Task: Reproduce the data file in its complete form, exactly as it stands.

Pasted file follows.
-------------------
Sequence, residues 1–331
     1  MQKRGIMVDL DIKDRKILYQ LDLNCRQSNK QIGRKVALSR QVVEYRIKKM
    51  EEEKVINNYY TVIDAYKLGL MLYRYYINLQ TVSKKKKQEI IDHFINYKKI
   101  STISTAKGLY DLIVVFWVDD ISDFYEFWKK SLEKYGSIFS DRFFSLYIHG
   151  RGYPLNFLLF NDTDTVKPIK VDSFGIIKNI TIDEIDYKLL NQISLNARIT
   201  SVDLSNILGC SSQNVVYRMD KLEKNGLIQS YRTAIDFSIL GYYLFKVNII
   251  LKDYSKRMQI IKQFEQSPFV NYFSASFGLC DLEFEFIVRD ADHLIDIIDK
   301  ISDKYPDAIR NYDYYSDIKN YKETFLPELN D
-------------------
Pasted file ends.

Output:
Sequence, residues 1–331
     1  MQKRGIMVDL DIKDRKILYQ LDLNCRQSNK QIGRKVALSR QVVEYRIKKM
    51  EEEKVINNYY TVIDAYKLGL MLYRYYINLQ TVSKKKKQEI IDHFINYKKI
   101  STISTAKGLY DLIVVFWVDD ISDFYEFWKK SLEKYGSIFS DRFFSLYIHG
   151  RGYPLNFLLF NDTDTVKPIK VDSFGIIKNI TIDEIDYKLL NQISLNARIT
   201  SVDLSNILGC SSQNVVYRMD KLEKNGLIQS YRTAIDFSIL GYYLFKVNII
   251  LKDYSKRMQI IKQFEQSPFV NYFSASFGLC DLEFEFIVRD ADHLIDIIDK
   301  ISDKYPDAIR NYDYYSDIKN YKETFLPELN D